The Devil's Delusion<?xml:namespace prefix = o ns = "urn:schemas-microsoft-com:office:office" />
By Sean McDowell
For the past couple years "militant atheism," as the Wall Street Journal put it, has been on the rise. Figures such as Christopher Hitchens, Richard Dawkins, Sam Harris, Daniel Dennett and others have brought atheism to the forefront of cultural discussion through books, blogs, debates, and TV appearances. While their books have been mega bestsellers, there has been a need for critical responses to their views. David Berlinski-a secular Jew-has recently met that need with the release of The Devil's Delusion.
The basic contention of the "militant atheists" is that science has disproved the existence of God. Known as the "God of the gaps" argument, it is widely believed that the more science progresses the less room there is for God. But, as Berlinski points out, the exact opposite is true. He says that scientific progress has "made the world more mysterious than it ever was. We know better than we did what we do not know and have not grasped." While science has certainly progressed, so have the gaps that need to be filled. For example, there is no naturalistic explanation for the following: (1) where everything came from; (2) the emergence of life; (3) the origin of consciousness; (4) the origin of morality; (5) the fine-tuning of the universe (just to name a few). There are certainly speculations about these, but no convincing answers. This is why Berlinski says that the widely held idea that we are nothing more than cosmic accidents is "an article of faith. There is not the slightest reason to think this so." In this brief review, I am going to highlight some of the key insights of The Devil's Delusion.
First, one of the common arguments for atheism is that the more science teaches us about the natural world, the less important a role human beings play in the grand scheme of things. Sagan famously said that earth is merely a pale blue dot that only appears to be significant. Berlinski counters this by pointing out that while astronomical findings have demonstrated that the earth is no more numerous than a single grain of sand on a vast beach, significance, of course, is another thing.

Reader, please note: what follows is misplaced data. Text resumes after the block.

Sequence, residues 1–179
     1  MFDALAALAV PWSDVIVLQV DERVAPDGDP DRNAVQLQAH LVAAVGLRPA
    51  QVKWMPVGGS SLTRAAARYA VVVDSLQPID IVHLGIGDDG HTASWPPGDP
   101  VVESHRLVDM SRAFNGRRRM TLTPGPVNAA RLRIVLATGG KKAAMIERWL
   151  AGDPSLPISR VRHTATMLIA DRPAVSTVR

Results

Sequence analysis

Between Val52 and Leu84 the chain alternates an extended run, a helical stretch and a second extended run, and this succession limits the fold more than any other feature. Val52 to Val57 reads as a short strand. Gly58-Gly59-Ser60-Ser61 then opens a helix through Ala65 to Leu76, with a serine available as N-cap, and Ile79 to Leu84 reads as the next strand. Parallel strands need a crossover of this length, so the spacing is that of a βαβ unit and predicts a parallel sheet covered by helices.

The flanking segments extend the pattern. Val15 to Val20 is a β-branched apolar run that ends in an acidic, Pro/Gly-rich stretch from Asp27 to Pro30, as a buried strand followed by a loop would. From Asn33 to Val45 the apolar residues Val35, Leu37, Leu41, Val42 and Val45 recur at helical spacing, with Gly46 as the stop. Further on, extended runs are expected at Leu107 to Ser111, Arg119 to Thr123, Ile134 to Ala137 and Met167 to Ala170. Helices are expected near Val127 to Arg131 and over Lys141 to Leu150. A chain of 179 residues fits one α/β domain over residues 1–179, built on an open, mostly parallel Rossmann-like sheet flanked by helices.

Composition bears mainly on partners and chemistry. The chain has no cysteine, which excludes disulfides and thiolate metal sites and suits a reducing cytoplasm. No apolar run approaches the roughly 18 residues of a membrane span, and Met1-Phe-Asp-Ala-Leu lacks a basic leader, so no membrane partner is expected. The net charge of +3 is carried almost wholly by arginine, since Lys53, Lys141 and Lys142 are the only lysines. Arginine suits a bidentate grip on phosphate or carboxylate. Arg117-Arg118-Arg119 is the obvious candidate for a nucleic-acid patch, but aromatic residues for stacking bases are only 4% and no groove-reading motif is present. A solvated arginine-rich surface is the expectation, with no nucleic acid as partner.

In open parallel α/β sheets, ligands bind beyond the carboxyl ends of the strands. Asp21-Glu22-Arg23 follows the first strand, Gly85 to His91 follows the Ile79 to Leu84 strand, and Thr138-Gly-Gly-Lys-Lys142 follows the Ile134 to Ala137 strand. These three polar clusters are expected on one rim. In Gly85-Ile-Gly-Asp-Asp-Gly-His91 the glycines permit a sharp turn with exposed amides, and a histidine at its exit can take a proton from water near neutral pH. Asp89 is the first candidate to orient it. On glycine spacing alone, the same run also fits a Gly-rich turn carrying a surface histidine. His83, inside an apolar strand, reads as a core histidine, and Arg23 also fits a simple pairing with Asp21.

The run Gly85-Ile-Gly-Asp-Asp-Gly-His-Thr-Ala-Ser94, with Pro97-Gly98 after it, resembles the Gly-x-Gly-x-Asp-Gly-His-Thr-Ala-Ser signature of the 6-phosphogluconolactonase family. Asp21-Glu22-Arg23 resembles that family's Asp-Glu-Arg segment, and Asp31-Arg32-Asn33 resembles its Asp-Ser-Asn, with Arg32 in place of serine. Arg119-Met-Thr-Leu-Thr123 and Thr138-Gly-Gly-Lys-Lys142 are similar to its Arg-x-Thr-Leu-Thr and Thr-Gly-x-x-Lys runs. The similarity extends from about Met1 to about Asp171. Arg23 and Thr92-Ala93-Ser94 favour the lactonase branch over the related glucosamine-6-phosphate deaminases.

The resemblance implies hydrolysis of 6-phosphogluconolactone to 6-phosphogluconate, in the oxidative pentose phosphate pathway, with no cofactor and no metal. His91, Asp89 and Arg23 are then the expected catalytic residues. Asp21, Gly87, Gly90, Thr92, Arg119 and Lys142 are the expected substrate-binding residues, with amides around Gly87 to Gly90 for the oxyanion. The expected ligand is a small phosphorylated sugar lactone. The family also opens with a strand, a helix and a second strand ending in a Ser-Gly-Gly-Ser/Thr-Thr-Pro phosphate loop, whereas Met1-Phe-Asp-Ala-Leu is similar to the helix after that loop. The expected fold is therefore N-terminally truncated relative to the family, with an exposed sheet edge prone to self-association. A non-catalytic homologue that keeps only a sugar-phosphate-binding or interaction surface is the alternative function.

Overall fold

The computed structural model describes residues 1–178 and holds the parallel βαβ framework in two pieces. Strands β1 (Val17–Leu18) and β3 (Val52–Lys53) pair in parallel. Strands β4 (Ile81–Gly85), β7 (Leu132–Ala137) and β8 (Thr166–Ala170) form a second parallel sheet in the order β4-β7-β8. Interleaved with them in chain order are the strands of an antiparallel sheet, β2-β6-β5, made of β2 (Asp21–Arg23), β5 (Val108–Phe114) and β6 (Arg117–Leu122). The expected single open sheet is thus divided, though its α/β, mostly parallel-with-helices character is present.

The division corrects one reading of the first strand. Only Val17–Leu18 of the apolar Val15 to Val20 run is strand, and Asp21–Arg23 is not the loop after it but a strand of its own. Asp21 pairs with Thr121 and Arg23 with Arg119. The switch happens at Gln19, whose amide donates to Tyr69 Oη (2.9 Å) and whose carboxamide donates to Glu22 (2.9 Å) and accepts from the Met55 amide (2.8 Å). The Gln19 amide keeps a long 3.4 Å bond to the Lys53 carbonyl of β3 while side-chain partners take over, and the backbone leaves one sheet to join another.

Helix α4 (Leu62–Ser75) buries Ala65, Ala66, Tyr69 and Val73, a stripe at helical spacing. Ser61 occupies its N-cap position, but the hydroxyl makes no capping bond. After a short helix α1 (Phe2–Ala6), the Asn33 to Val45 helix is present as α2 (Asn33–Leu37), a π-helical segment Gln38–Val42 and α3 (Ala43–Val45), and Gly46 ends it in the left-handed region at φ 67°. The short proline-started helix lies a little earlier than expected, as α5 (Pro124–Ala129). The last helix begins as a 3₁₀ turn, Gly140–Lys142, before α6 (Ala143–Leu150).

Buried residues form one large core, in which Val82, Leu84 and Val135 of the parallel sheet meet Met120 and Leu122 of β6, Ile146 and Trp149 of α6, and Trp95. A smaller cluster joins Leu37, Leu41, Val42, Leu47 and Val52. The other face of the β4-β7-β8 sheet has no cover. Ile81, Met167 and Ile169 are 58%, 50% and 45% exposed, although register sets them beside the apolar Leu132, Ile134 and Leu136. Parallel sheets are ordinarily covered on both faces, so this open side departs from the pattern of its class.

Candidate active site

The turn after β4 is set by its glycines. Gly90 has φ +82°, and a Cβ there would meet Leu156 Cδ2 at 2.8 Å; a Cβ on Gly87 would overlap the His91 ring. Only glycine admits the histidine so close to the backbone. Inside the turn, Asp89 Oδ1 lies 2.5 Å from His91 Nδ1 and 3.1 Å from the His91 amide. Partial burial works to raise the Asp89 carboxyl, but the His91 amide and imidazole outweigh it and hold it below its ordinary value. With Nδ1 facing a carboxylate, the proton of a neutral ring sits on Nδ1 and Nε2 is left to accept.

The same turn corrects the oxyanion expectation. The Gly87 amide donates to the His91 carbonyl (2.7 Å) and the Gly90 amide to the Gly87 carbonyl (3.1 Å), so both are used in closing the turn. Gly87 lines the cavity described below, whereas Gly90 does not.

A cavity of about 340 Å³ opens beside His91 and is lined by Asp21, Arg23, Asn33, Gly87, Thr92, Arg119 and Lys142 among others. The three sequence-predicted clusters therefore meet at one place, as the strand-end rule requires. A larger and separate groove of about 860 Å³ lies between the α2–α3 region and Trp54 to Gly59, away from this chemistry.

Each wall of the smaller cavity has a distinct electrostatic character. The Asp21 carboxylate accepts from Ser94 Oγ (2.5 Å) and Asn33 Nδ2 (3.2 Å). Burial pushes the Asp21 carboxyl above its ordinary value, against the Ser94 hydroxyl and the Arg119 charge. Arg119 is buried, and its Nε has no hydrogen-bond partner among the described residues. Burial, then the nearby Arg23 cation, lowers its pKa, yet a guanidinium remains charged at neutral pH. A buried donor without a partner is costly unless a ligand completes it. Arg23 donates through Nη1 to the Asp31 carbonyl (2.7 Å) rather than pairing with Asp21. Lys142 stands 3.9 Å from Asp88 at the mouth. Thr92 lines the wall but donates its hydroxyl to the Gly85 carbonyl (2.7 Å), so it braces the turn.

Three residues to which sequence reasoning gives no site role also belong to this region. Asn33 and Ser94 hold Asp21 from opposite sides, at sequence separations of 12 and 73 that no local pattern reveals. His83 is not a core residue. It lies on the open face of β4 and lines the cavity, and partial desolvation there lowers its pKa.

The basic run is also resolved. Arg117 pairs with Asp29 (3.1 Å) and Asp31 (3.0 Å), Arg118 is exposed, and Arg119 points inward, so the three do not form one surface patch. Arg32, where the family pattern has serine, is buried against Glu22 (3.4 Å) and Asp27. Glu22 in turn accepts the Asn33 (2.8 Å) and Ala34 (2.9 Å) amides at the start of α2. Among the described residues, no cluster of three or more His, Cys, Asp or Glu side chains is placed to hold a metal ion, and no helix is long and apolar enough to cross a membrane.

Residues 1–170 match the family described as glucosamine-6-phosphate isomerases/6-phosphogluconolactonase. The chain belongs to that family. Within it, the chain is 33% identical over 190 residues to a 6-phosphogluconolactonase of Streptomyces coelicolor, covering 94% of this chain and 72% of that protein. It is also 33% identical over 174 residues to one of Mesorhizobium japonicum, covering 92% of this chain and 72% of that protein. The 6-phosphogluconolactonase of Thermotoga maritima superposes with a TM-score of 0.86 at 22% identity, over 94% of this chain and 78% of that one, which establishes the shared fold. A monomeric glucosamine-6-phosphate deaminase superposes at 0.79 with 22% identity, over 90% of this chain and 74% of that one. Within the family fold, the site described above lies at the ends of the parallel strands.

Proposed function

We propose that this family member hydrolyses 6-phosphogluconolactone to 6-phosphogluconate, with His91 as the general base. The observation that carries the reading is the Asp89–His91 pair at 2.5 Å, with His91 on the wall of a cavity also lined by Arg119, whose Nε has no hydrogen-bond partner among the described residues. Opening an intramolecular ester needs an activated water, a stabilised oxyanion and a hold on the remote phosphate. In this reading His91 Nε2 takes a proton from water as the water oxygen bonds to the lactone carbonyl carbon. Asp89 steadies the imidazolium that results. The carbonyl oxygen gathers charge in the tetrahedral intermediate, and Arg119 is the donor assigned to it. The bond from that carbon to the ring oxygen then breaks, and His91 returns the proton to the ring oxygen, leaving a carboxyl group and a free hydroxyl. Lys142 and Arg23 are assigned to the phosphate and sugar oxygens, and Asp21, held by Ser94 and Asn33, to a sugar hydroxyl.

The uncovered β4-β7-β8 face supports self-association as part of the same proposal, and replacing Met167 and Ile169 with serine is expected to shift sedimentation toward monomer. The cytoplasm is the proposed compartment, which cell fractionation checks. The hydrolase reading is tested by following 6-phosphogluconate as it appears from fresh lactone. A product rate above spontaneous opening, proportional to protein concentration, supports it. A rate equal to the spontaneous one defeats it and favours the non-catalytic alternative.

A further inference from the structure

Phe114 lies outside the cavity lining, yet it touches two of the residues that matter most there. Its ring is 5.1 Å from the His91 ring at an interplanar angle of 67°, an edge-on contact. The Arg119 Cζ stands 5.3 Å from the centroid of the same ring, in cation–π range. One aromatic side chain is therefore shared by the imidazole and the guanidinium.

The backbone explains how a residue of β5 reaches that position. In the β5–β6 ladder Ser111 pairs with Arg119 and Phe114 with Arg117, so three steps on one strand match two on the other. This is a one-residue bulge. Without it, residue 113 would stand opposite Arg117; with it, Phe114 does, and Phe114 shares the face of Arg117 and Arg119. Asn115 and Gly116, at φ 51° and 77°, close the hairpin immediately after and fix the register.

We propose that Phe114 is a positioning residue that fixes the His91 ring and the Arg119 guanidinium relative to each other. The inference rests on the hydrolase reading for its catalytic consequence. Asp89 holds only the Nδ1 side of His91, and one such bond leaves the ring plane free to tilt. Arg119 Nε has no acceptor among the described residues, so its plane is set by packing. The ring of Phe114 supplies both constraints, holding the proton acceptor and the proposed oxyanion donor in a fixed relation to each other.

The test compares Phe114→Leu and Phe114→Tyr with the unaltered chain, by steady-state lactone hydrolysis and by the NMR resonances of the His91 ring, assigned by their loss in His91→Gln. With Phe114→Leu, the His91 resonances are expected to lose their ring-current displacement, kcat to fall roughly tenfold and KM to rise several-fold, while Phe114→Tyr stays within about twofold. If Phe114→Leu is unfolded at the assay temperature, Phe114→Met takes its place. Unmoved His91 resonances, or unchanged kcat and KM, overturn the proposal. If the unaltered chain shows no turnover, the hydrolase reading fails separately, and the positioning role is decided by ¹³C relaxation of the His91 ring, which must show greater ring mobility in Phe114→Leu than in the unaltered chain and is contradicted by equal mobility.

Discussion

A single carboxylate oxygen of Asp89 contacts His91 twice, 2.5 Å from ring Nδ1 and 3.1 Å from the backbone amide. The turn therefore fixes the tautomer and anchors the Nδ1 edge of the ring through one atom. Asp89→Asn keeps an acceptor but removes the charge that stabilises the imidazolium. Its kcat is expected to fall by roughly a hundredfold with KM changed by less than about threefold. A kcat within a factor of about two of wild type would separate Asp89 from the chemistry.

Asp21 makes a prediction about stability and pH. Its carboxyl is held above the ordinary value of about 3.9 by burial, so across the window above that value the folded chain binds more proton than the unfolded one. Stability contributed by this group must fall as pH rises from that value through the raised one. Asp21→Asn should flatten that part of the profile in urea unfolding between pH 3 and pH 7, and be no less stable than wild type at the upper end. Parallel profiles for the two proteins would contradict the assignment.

Second, militant atheists love to recount in luring detail the history of religious brutality and persecution. According to these figures, religion is to blame. Nobel prize winning Steven Weinberg famously said: "But for good people to do evil things, that takes religion." Berlinski asks, "Just who has imposed on the suffering human race poison gas, barbed wire, high explosives experiments in eugenics, the formula for Zyklon B, heavy artillery, pseudo-scientific justifications for mass murder, cluster bombs, attack submarines, napalm, intercontinental ballistic missiles, military space platforms, and nuclear weapons?...If my memory serves, it was not the Vatican." The common denominator of the most blood-thirsty dictators in history, says Berlinski, is that they believed no God was watching them.
Third, one of the persistent problems facing atheists is the fine-tuning of the universe. Probably the most common naturalistic response is to posit that for us to survive the world has to be ordered as it is. Thus, we should be surprised to find ourselves in a universe with such properties. Berlinski gives a creative response based on Elijah's experience of being cared for by an angel (1 Kings 19). Could the angel's appearance be explained solely by the fact that Elijah's exact needs were cared for? Of course not! Berlinski says, "No matter the extent to which we need the laws and parameters of the physical world to be as they are, that by itself cannot explain the fact that they are as they are." Clearly, another explanation is needed. The same is true for our universe.
These are only a sample of the points made by Berlinski in The Devil's Delusion. If you are looking for a solid response to the militant atheism of today, this book will be helpful (it's also humorous and a quick-read). I will close with one of my favorite lines from the book: "If sexual preferences are rooted in the late Paleolithic era, men worldwide should now be looking for stout muscular women with broad backs, sturdy legs, a high threshold for pain It has not been widely documented that they do."
Sean McDowell is a popular speaker, writer and high school teacher. He has written Ethix: Being Bold in a Whatever World and Understanding Intelligent Design. His website is www.seanmcdowell.org.
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